Nepal resumes buying power from India amid drop in domestic productionNepali hydropower plants are currently producing just around 1,000MW, lower than the peak domestic demand of over 1,500MW.
As domestic power production slumped along with the arrival of winter, the Nepal Electricity Authority has resumed buying power from India.
Although the country produces surplus energy during the wet season and exports to its southern neighbour, it has to import electricity in the dry season when demand rises while production, almost all of which is based on run-of-the-river hydropower plants, slumps. The dry season runs from December to April while the wet season lasts from May to November.
“We restarted importing power from India starting late last week,” said Suresh Bhatarai, spokesperson of the Nepal Electricity Authority (NEA). “Domestic power plants are producing just around 1000MW, lower than the peak domestic demands.”
Lately domestic demand for power has been increasing along with cooling temperature as people increasingly use heating systems. On Wednesday afternoon, domestic power demands was 1,548MW, a sharp rise from around 1100-1300MW in October, according to the state-owned power utility body.
The run-of-the river type hydropower projects usually produce less than 40 percent of their installed capacity during the dry season. Though the total installed capacity of power plants including solar is over 2200MW, their production is currently less than half their capacity which is expected to drop further in the days to come.
Bhattarai believes the country will have to continue buying electricity from India in winter for the next few years as construction of power projects and transmission lines to evacuate the power continue to see delays.
Since the country currently has just one reservoir-based power project, Kulekhani, it has been difficult to boost supply during winter, officials said.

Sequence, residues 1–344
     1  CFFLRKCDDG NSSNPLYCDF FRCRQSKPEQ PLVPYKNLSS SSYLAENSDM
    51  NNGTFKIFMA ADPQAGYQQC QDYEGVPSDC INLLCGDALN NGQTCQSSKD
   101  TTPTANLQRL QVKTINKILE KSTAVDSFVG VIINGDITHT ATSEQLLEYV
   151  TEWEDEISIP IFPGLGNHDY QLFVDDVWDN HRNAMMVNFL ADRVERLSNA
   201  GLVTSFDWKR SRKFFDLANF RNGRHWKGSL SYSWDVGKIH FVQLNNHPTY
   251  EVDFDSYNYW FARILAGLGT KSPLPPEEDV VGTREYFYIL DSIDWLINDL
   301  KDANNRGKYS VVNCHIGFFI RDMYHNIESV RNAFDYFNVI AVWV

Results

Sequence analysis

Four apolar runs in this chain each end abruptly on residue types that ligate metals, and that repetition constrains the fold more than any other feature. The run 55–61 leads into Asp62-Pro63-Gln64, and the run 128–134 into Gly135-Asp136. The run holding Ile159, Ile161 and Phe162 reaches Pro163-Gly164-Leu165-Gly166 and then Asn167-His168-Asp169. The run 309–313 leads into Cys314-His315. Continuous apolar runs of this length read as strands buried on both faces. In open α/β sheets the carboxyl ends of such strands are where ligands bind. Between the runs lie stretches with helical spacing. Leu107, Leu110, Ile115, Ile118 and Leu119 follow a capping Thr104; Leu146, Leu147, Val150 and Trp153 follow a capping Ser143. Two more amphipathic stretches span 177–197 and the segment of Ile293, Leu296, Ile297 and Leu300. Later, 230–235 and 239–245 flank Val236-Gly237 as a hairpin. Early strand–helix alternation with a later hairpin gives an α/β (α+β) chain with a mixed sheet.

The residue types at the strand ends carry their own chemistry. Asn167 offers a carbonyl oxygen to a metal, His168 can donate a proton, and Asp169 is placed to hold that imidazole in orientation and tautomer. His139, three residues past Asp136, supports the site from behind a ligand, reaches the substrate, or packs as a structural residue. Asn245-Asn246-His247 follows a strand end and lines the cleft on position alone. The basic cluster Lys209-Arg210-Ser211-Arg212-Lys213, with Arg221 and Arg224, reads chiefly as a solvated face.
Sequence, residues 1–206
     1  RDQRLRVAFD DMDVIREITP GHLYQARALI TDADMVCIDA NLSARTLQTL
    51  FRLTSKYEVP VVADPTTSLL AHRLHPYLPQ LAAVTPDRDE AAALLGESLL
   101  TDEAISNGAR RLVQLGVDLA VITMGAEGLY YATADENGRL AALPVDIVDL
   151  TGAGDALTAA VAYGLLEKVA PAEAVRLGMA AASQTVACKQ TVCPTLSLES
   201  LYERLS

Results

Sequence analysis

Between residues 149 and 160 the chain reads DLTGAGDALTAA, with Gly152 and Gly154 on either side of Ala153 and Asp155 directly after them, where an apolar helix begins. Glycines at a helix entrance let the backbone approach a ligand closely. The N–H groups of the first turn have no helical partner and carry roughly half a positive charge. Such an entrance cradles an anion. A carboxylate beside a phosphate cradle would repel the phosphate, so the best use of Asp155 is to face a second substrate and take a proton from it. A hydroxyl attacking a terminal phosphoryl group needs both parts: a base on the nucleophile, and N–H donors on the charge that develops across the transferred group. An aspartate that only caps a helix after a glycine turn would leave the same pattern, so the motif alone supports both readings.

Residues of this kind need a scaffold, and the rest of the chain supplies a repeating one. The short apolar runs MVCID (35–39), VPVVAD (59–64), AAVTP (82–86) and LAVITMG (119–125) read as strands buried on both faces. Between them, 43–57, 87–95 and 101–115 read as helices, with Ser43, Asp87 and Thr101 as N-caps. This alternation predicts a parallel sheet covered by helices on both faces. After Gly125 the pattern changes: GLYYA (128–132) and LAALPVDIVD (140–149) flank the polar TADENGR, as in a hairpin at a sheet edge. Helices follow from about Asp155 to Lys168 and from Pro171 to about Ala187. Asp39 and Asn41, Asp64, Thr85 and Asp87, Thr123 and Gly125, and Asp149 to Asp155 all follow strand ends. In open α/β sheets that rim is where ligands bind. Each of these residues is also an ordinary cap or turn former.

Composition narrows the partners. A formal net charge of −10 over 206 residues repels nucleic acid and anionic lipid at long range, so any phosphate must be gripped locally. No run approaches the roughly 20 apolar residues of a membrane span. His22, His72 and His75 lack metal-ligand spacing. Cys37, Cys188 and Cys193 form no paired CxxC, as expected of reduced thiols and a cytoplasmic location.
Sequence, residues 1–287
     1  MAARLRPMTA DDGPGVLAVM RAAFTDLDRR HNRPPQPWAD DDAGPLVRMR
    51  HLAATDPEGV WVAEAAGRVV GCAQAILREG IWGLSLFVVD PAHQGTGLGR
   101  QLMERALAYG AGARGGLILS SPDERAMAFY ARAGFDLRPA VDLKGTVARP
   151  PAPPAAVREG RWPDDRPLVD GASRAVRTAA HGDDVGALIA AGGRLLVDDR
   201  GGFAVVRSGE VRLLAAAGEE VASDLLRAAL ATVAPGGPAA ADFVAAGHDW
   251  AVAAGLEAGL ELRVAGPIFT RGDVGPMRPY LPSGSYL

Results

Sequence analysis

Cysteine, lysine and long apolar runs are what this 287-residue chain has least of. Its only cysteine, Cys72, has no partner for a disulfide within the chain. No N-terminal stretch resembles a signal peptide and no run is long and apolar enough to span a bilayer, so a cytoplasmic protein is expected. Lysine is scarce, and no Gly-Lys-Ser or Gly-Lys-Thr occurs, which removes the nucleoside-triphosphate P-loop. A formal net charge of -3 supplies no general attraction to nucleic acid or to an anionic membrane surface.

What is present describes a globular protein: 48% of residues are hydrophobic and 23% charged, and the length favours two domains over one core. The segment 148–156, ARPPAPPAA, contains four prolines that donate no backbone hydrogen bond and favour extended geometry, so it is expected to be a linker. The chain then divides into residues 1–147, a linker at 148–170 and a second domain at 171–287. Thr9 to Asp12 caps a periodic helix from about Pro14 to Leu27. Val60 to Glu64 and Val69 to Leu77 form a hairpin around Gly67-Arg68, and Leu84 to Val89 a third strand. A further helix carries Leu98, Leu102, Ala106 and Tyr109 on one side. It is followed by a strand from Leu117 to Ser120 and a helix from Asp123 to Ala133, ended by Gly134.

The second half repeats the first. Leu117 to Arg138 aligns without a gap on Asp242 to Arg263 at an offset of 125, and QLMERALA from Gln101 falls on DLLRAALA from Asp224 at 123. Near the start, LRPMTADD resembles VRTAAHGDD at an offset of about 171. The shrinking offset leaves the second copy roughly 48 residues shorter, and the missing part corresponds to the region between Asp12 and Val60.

According to the NEA, on Wednesday, it purchased 1,969 megawatt hours of electricity from India and sold 661 megawatt hours to the southern neighbour. “Currently, we are selling power when we get higher prices and buying when it’s cheaper,” said Bhattarai. “We may continue exporting power till the third week of December.”
The state-owned power utility body has been exporting power since early June and continues to do so until now. But the export amount has decreased since November amid reduced output.
The NEA has been buying and selling power from and to the day-ahead market of the Indian Energy Exchange Limited, a trading platform, after the southern neighbour in April 2021 opened its market to Nepal only for selling electricity to Nepal. The prices at the market keep changing every hour.
The NEA has sought to buy electricity from the open market of India for six months besides continuing to buy from the day-ahead market under which prices for the next day are determined the previous day and the electricity is traded on a daily basis at different rates.
Issuing a tender notice on September 9, the NEA said it would buy up to 365 megawatts from Indian traders from December 1 to May 31. But the NEA has not yet picked the supplier after India sellers quoted higher-than-expected prices for their electricity.
“The prices quoted by them range from INR 7 (Rs11.2) to INR 8.5 (Rs13.6) per unit,” NEA Managing Director Kul Man Ghising told the Post last month. Four Indian companies participated in the bid, according to him.
The NEA would have considered buying from them if the price range was around INR5 per unit, according to Ghising.